Q BioMed speaks up for autism
Research shows major breakthrough with first biomarkers for pediatric nonverbal autism subgroup
NEW YORK—Considered a groundbreaking discovery for some children with autism spectrum disorder (ASD), biotech Q BioMed Inc. recently found two novel biomarkers for pediatric nonverbal autism, reportedly marking the first time a company has identified biomarkers that hold the potential to stratify an ASD subset of children as young as 18 months. It is hoped this discovery could lead to an effective treatment for children destined to grow up with little or no ability to speak.
Q BioMed recently examined 1,953 significant autistic biomarkers, resulting in two significant markers tied to expressed genes and pathways responsible for speech development, using Vineland II scores to stratify 240 children into three groups: verbal, semi-verbal and nonverbal autism. Researchers found that biomarkers in the nonverbal subset were distinct from children with typical speech development, with or without autism.
“This is a major breakthrough for these children and their families,” says Denis Corin, CEO of Q BioMed. “To date, very little attention and research has been focused on these nonverbal autistic children. In partnership with the clinical and advocacy community, Q BioMed is leading the effort to better stratify this group, while also pursuing a treatment.”
Children of this subset typically never develop the ability to speak, or else commence with language progression from between the ages of nine months to 14 months and then regress. Most psychologists and physicians provide a diagnosis of nonverbal around the age of seven years, which is far too late for early intervention.
“Children with ASD need safe, effective and targeted treatments that are tested under conditions that take their best interests into consideration,” Corin says. Q BioMed “ensures we continue to take a tailored and patient-centric approach to find those children who will benefit the most from our efforts.”
A key finding to the biomarker study was the identification of known genes and pathways directly implicated in speech impairment.
QBM-001 targets toddlers with pediatric nonverbal autism, where underlying commonalities—reinforced by this current biomarker study—lead to developmental delay, an autism diagnosis and eventual nonverbal or very minimally verbal capability for the rest of their lives.
Robert Derham, vice president of corporate development and orphan products at Q BioMed, told DDNews: “Currently, Q BioMed is developing a product to treat a subtype of autism referred to as pediatric minimally verbal autism (PMVA), which comprises the group of autistic children that are often referred to as having ‘severe autism.’ Some in this group never develop language, while others start with some early language development and then regress by the age of 24 months. Unfortunately, speech intervention has provided very little help for children with PMVA.”
Some hallmarks of children with PMVA are “notable sleep disturbances, taste sensitivities and in general, heightened sensory excitability, which often manifests as anxiety,” Derham says. “These children have a high tendency to show aggression, inflict self-injury, have a low capacity for sustained attention and have severe and persistent developmental delay. Ultimately, these children have severely limited social interactions and are dependent on care for the duration of their lives.”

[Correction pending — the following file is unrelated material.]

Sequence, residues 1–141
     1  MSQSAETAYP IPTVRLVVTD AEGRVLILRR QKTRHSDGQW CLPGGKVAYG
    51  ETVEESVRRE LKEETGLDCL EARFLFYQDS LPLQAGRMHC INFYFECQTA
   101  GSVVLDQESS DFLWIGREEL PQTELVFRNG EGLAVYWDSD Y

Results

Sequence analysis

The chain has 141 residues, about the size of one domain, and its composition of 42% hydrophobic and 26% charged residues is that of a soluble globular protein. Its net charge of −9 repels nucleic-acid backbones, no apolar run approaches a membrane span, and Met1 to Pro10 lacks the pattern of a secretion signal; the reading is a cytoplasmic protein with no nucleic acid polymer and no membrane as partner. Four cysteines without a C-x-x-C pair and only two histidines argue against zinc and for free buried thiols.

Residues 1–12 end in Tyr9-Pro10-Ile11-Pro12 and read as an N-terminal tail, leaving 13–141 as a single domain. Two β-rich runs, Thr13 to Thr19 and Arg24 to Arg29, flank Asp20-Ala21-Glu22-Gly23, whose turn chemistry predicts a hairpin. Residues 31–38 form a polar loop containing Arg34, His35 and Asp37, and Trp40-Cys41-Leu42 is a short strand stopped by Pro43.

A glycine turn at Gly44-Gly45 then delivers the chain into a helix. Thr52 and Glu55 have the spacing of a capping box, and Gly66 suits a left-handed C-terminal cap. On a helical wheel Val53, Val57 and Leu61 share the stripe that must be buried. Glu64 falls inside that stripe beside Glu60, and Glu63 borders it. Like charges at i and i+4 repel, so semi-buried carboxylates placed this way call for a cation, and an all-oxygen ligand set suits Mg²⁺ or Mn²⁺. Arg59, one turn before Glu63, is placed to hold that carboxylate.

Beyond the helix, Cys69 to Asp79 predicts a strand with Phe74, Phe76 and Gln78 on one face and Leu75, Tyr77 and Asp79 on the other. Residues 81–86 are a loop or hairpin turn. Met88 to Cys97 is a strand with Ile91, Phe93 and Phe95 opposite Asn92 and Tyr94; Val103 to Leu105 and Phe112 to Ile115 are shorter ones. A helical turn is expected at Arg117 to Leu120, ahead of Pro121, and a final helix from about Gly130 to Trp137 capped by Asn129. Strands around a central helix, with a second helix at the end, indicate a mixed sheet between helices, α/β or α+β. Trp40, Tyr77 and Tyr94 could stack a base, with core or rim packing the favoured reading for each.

A PMVA diagnosis is based on an IQ score of 50 or below, less than 20 spoken works, and the inability to develop sentences, or what is referred to as “phrase speech” after speech intervention with a trained healthcare professional, he says. A goal of Q BioMed’s is to change to a biomarker approach, thus removing the variability of observational and assessment tests that base a diagnosis on speech, IQ and symptomatic behavior.
“Fortunately, the study we undertook revealed a strand of microRNA that was only elevated in children with PMVA,” Derham notes. “This paved the path for the next step of validating this as a biomarker. Equally important, was that the results of the biomarker study confirmed that we are on the right path with our treatment.”
Another very important aspect is that autism and the treatment of it is not a ‘one size fits all,’ he remarks. “Before the early 1970s, we tried to treat cancer as a singular disease. Now, we would never attempt that. The therapeutic approach for autism is still similar to how cancer was treated before the early 70s, but the research is progressing and establishing clear subtypes. The more information we have about these unique subtypes, the more researchers will be able to figure out what pathways in the body are disrupted in each subtype, and industry will be able to start developing treatments that target more subtypes, instead of trying to treat general autism.”
For instance, researchers noticed “distinct differences in PMVA based on pathways in the body that were not functioning correctly,” he says. “Research has shown the regions of the brain tied to speech in these children with PMVA are smaller and underdeveloped than other children with autism, and they have elevated inflammation markers in their brain.”
Q BioMed’s therapy, QBM-001 “targets three disrupted pathways to ameliorate the condition of these children,” Derham explains. “It is our hope that it will ultimately allow them to develop on a more typical path and enable them to speak if they are treated early enough.”
Derham tells DDNews that the company is finalizing plans for a study to validate the biomarker for PMVA, in addition to preparing regulatory filings for the study and for an Orphan Drug designation for QBM-001. The plan is to file for an IND by the end of 2019 or early 2020 and initiate a clinical trial before the end of Q1 2020.